In phonology , ASSIMILATION is a common phonological process by which one sound becomes more like a nearby sound. This can occur either within a word or between words. It occurs in normal speech, and it becomes more common in more rapid speech. In rapid speech, for example, "handbag" is often pronounced /ˈhæmbæɡ/ . The pronunciations /ˈhænˌbæɡ/ or /ˈhændˌbæɡ/ are however common in normal speech whereas the word "cupboard", for example, is always pronounced /ˈkʌbərd/, never /ˈkʌpˌbɔrd/, and even in slow, highly articulated speech. As in these examples, sound segments typically assimilate to a following sound (this is called regressive or anticipatory assimilation), but they may also assimilate to a preceding one (progressive assimilation). While assimilation most commonly occurs between immediately adjacent sounds, it may occur between sounds separated by others ("assimilation at a distance")
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Pe (Persian Letter)
ا
ا
ب
ب
پ ت
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Velar Consonant
VELARS are consonants articulated with the back part of the tongue (the dorsum ) against the soft palate, the back part of the roof of the mouth (known also as the VELUM ). Since the velar region of the roof of the mouth is relatively extensive and the movements of the dorsum are not very precise, velars easily undergo assimilation , shifting their articulation back or to the front depending on the quality of adjacent vowels. They often become automatically _fronted_, that is partly or completely palatal before a following front vowel, and _retracted_, that is partly or completely uvular before back vowels. Palatalised velars (like English /k/ in _keen_ or _cube_) are sometimes referred to as PALATOVELARS. Many languages also have labialized velars, such as , in which the articulation is accompanied by rounding of the lips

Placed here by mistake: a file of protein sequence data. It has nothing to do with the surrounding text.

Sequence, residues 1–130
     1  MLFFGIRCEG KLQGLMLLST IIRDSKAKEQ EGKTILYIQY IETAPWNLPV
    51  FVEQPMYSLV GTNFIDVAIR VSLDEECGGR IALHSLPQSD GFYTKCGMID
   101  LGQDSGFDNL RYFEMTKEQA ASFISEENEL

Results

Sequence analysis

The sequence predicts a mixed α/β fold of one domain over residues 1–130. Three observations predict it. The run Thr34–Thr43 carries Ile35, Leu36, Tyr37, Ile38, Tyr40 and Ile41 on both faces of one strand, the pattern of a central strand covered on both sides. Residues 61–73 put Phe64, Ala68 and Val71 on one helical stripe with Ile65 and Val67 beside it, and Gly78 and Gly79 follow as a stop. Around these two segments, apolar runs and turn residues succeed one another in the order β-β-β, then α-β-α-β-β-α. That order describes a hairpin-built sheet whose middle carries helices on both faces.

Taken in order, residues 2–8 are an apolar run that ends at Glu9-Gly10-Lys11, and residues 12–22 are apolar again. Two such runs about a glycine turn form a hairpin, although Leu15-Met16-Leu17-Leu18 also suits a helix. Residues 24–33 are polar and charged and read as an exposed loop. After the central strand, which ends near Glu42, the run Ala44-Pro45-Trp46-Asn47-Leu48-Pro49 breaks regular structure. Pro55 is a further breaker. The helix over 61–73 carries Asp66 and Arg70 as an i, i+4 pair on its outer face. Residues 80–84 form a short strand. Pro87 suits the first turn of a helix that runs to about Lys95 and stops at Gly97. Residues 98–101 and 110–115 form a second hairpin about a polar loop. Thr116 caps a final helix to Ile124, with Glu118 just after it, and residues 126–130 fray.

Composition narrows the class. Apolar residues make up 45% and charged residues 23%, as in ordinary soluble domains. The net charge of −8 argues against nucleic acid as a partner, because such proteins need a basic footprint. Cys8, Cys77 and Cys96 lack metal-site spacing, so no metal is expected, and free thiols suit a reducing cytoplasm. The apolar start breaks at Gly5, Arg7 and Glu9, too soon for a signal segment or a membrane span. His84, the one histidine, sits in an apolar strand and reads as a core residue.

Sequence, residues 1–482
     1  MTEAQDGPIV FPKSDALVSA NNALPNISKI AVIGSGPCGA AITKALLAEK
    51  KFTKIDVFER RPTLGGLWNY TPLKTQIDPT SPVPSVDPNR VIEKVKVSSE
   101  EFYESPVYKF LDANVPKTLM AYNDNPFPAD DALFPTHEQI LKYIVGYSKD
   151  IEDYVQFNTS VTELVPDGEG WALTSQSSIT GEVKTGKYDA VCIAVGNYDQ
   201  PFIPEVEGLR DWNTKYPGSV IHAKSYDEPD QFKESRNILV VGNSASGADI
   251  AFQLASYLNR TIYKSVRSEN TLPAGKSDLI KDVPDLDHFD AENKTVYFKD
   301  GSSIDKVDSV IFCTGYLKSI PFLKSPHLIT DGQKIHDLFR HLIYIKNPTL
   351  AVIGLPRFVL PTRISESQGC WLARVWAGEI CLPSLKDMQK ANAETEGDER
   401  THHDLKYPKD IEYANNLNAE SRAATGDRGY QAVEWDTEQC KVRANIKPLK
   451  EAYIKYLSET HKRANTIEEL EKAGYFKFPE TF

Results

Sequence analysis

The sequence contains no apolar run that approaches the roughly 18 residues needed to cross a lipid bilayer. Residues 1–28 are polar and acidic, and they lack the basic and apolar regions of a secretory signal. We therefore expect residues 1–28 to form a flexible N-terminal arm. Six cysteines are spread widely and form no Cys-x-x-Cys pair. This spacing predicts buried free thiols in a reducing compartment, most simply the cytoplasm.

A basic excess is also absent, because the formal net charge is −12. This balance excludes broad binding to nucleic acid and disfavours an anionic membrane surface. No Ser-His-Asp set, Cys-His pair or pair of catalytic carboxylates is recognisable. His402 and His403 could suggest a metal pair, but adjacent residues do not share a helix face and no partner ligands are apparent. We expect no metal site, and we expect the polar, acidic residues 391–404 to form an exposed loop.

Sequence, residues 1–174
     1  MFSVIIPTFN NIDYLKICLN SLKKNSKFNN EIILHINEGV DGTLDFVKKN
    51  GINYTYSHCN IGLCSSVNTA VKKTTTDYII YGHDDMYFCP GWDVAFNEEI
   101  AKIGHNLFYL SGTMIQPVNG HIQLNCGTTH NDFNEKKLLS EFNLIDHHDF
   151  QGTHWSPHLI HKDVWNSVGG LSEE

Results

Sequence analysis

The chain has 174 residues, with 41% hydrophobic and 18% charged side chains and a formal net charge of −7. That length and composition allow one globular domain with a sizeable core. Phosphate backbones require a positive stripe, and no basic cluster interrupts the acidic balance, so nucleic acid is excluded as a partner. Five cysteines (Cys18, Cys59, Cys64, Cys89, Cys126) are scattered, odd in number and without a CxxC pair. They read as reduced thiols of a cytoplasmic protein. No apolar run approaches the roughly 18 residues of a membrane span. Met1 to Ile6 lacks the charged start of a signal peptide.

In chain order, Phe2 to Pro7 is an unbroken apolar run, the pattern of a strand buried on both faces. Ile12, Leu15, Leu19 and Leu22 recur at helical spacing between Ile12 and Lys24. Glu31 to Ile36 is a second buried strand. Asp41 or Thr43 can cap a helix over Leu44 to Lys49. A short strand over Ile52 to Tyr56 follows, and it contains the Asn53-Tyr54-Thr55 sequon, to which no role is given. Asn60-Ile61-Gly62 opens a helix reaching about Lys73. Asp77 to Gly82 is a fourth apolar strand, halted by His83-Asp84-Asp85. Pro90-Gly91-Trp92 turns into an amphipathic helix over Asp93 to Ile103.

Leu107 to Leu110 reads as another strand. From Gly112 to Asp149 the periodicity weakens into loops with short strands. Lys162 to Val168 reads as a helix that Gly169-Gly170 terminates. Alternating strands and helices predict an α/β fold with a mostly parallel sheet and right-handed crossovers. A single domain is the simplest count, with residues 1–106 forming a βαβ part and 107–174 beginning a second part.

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Glottal Consonant
GLOTTAL CONSONANTS are consonants using the glottis as their primary articulation. Many phoneticians consider them, or at least the glottal fricative, to be transitional states of the glottis without a point of articulation as other consonants have, while some do not consider them to be consonants at all. However, glottal consonants behave as typical consonants in many languages. For example, in Literary Arabic , most words are formed from a root C-C-C consisting of three consonants, which are inserted into templates such as /CaːCiC/ or /maCCuːC/. The glottal consonants /h/ and /ʔ/ can occupy any of the three root consonant slots, just like "normal" consonants such as /k/ or /n/
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Nasal Stop
In phonetics , a NASAL, also called a NASAL OCCLUSIVE, NASAL STOP in contrast with a nasal fricative , or NASAL CONTINUANT, is an occlusive consonant produced with a lowered velum , allowing air to escape freely through the nose. Examples of nasals in English are and , in words such as nose and mouth. Nasal occlusives are nearly universal in human languages. There are also other kinds of NASAL CONS